Growing up in my parents house, I was able to access their sizeable library of books – largely fiction, largely in paperback. However, there were a few hardbacks and among the Denis Wheatley and Nevil Shute novels I discovered a hardback with a rather lurid mauve cover entitled ‘Thuvia, Maid of Mars’. This was a novel written by Edgar Rice Burroughs, the creator of Tarzan, and part of a cycle of novels set on a fictional version of the planet Mars with an earthman called John Carter as their main protagonist.
Burroughs had attempted to build a career in the US Army and had actually served with the US 7th Cavalry in Arizona before being discharged with a heart problem when in his early 20’s. He drifted through a series of menial jobs and ended up with a wife and 2 children back in his native city of Chicago. It was at this point that he began reading some of the ‘pulp’ magazines that were so popular at the time and declared that if people were going to read what he described as ‘rot’ in such magazines, and if publishers were prepared to pay good money for the aforementioned ‘rot’, then he could provide them with stories that were much more entertaining and of a higher quality. He was as good as his word and his first story, ‘Under the moons of Mars’ was published in 1912 to considerable acclaim.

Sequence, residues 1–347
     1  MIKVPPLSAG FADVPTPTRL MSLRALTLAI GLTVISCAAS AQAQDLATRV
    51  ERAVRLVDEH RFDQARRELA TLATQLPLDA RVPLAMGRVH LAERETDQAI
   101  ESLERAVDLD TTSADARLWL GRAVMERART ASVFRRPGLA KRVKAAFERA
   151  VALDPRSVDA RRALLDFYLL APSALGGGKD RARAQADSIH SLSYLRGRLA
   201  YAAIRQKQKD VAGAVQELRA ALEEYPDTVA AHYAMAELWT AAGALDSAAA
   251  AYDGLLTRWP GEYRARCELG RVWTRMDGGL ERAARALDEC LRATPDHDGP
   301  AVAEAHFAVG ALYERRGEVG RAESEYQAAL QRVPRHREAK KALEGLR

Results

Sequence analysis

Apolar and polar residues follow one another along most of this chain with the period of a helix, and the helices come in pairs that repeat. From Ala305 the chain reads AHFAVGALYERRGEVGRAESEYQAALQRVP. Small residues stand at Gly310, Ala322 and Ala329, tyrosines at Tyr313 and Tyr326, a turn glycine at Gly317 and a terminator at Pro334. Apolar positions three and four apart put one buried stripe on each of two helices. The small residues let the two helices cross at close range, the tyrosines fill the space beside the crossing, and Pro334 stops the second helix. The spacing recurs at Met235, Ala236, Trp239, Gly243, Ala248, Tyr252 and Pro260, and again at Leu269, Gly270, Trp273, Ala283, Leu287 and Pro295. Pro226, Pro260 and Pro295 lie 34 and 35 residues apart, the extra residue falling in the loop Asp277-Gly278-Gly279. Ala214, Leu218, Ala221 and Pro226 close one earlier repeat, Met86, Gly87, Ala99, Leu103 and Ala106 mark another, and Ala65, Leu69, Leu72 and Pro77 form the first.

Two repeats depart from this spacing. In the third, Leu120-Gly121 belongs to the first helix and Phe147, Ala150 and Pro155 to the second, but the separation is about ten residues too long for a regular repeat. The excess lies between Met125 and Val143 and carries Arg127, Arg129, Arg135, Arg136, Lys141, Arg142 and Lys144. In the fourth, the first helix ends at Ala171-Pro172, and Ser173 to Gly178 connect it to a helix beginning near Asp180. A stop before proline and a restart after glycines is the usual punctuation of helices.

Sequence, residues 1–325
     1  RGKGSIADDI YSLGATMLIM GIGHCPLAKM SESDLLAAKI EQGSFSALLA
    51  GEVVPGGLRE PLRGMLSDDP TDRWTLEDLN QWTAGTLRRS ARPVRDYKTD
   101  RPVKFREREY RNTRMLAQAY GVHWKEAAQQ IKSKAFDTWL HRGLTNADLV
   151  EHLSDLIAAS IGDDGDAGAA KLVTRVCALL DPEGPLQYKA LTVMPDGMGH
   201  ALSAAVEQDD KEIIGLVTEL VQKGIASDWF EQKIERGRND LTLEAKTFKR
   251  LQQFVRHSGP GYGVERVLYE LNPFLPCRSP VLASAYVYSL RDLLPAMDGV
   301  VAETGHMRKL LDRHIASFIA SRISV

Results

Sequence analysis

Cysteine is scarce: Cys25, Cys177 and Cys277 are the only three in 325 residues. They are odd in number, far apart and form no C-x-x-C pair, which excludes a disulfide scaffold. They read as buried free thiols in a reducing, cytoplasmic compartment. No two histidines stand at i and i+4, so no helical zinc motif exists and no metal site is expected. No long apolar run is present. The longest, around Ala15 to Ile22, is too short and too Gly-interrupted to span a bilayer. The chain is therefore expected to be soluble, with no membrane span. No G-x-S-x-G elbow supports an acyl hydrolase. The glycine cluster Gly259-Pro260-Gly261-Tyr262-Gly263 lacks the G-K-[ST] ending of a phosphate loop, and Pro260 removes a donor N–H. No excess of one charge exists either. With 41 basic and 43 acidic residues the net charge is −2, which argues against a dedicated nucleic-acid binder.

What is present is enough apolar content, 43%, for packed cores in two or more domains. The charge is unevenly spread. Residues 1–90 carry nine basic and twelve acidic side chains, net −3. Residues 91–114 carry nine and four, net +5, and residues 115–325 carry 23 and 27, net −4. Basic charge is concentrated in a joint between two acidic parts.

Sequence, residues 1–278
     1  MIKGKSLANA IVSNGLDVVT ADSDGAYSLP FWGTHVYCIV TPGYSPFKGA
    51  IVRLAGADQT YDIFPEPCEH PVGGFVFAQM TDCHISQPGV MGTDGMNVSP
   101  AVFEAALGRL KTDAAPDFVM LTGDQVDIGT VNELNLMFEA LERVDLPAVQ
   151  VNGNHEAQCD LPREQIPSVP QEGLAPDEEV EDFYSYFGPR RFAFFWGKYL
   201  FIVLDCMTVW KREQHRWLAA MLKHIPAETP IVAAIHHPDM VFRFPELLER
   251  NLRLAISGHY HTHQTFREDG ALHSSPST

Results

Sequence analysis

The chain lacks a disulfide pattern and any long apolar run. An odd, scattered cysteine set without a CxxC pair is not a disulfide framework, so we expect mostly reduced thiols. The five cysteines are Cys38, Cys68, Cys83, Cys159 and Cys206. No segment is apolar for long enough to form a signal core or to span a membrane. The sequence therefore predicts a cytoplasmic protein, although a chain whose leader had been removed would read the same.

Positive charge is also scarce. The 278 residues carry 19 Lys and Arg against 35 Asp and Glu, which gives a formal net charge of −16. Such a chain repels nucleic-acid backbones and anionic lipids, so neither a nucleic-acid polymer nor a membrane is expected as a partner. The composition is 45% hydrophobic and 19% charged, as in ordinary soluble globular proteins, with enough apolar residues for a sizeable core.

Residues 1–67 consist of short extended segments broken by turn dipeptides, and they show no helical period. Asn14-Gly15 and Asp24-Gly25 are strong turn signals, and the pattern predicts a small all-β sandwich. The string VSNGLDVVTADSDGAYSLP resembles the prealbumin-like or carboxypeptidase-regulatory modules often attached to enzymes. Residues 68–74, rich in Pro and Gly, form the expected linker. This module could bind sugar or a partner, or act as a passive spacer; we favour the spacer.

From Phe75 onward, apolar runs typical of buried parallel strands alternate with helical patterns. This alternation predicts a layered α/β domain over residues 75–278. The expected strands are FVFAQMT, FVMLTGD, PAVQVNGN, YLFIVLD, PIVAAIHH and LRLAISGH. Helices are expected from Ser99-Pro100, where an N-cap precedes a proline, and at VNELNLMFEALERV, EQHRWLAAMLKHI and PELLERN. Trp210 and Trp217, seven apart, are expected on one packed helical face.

This was the first of Burroughs ‘Martian Cycle’, which eventually ran to 11 or 12 such novels. Burroughs became even better known for his Tarzan novels, the first of which was also published in 1912 and eventually spawned over 20 sequels.
As a youngster, I readily consumed the one ‘Martian’ novel in my parents’ library, then set about reading as many of its companion volumes as I could, courtesy of the local Library. In truth, there is little to distinguish the books in terms of the quality of the writing or the depth of the characterisation. John Carter, the earthman who is the principal figure in most of the books is a fairly straightforward ‘man of action’ whose ‘martial demeanour’ finds echoes in the conflicting societies he finds on Mars. Most of the female characters in the books are conventional beauties with plenty of spirit but a weakness for a ‘real’ man who is clean of brow, mighty of thew etc etc….you get the idea.